The tango-classical fusions of Astor Piazzolla can stand up to a great variety of musical treatments, and indeed Piazzolla himself performed them with ensembles of various sizes and wrote for conventional classical forces on occasion. Treatments of Piazzolla's music by Gidon Kremer and others have proved that the bandoneón -- the concertina-like instrument that Piazzolla himself played -- is not necessary to a successful realization of his late-night mood. In this recording by El último tango, a group of players from the City of Birmingham Symphony Orchestra in England, a group of famous Piazzolla works are transcribed for the chamber ensemble of flute, saxophone, cello, piano, and double bass (one piece, Oblivion, is played by cello and piano alone). Throughout, the group emphasizes the French neo-Classic shapes of Piazzolla's music and downplays its tango-ness.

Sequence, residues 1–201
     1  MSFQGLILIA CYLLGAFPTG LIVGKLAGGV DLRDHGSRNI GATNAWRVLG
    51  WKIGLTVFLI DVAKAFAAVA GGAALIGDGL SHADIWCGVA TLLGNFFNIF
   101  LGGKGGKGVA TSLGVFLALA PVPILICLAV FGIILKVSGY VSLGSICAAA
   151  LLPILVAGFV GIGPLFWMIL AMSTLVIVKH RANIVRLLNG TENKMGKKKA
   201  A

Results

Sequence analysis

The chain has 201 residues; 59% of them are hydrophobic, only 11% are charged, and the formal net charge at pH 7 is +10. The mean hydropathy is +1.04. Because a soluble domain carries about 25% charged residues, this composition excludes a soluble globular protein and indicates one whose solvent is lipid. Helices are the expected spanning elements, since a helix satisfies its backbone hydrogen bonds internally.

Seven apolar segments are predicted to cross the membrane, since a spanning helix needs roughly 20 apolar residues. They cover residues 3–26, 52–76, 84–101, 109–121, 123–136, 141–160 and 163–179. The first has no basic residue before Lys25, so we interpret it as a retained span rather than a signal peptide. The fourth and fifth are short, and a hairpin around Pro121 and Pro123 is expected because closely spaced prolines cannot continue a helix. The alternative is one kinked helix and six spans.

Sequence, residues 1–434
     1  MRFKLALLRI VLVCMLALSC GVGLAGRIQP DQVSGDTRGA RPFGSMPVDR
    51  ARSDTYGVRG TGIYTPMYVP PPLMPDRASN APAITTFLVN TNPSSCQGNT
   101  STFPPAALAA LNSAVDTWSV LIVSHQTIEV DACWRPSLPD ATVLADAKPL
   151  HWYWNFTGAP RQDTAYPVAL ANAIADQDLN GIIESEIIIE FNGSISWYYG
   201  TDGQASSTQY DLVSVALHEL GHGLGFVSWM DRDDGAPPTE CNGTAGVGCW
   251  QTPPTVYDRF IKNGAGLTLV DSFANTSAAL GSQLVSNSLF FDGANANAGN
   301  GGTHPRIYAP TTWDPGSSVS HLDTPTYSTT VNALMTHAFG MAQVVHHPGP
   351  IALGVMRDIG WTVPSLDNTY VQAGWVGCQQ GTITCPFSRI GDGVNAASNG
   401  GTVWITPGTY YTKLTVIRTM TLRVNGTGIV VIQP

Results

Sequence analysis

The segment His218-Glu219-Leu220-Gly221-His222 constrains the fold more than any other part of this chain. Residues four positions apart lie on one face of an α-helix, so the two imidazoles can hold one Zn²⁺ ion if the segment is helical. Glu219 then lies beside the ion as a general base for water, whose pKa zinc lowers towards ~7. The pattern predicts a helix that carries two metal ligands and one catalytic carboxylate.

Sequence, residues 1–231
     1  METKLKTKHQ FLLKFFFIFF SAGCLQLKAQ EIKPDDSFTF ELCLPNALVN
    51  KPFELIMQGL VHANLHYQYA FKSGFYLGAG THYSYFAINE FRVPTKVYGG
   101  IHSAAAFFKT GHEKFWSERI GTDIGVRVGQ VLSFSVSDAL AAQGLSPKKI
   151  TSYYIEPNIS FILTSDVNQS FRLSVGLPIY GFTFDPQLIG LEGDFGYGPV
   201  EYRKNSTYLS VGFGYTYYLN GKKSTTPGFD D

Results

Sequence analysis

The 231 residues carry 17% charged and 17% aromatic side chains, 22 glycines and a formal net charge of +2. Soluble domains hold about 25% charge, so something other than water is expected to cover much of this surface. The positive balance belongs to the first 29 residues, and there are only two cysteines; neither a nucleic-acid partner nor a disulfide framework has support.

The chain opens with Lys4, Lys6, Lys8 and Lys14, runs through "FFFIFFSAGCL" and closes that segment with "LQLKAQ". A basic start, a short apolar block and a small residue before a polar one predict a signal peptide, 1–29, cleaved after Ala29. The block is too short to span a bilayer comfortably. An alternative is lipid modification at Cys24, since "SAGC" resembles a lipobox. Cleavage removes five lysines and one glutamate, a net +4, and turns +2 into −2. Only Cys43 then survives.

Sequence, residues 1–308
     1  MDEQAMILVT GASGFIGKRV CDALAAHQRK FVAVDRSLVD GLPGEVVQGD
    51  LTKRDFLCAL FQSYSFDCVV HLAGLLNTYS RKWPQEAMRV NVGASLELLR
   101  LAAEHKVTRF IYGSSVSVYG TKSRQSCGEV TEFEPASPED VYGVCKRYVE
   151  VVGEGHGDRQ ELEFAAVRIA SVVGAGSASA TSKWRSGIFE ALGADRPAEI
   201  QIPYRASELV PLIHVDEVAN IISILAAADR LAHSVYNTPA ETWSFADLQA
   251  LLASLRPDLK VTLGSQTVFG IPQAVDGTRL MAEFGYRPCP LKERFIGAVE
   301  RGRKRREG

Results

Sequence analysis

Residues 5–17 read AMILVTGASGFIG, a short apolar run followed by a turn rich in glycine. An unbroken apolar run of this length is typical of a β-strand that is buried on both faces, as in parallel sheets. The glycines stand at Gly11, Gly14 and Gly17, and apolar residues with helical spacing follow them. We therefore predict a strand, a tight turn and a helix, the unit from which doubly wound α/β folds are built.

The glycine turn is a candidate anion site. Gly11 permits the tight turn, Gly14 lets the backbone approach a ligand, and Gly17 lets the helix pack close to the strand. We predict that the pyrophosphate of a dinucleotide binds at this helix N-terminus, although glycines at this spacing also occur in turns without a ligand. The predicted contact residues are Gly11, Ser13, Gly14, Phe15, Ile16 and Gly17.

Even over and above the missing bandoneón, they are at pains to minimize the rhythmic drive of Piazzolla's tangos. The piano is kept very much in check. It is indeed intriguing to realize that a great deal of otherwise hidden detail emerges from Piazzolla's music when this is done. His masterpiece Adiós Nonino here takes on the tuxedos and music stands of a piece of classical chamber music. It's unorthodox, but successful on its own terms. It's hard to imagine Piazzolla's very Argentine mood of despair and acerbity being replaced with a sort of potted-palm reserve, but sample and hear it for yourself -- and realize that there is still more to Piazzolla than you thought there was, for the music can stand up to this, too. This very British Piazzolla is nobody's choice for a first disc of music by the great Argentine, but those enamored of Piazzolla's classical side should give it a listen if only for the sheer novelty of the interpretation.